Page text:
Feeling Fake Pain

Phantom pain questions how the brain understands the body

By Colin Allen, published on June 1, 2003 - last reviewed on January 23, 2015

When it comes to pain, sometimes it's mind over body. Recent
research has found that the brain reacts to "injuries" committed to
inanimate objects as if they were parts of the body. In the study,
scientists found that subjects can confuse a fake rubber arm--or even a
table--with the body.

The brain's understanding of the body may not be so simple. Our
mental image of our own bodies seems to be continually updated by visual
and sensory clues explains Carrie Armel and Vilayanur Ramachandran,
cognitive neuroscientists at the University of California at San Diego
School of Medicine. For their study, 16 volunteers sat down at a table
that hid each person's right hand. In place of the right hand, the
researchers put a dummy rubber hand on the table. To measure stress,
electrodes were placed on the left hand.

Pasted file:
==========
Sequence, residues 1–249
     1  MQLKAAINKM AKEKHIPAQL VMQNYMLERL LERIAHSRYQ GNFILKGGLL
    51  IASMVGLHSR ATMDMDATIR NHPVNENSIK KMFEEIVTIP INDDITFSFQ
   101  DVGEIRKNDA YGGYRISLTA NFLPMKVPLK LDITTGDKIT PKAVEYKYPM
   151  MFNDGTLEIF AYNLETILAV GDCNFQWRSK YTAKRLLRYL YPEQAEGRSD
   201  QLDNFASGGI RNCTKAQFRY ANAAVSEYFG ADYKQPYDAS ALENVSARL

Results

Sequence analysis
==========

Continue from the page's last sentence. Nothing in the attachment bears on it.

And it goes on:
Researchers then tapped the fake rubber hand as well as the real
right hand simultaneously. Then, researchers slightly bent a finger on
the real right hand while also pulling back the finger on the rubber hand
into a painful position. Subjects believed that their real fingers could
go back further than the fingers actually could.

In a second experiment, 24 subjects went through a similar set of
tasks, this time without the fake hand. After the tapping the table and
each subject's hand, researchers put a Band-Aid on both the table and the
hand. When the Band-Aid was partially ripped off the table subjects felt
and registered pain. Ramachandran notes that even though the mind
rationally understands that it is not being hurt, the visual cortex
overrides such thoughts.

The study was published in journal
Proceedings B, published by the Royal Society in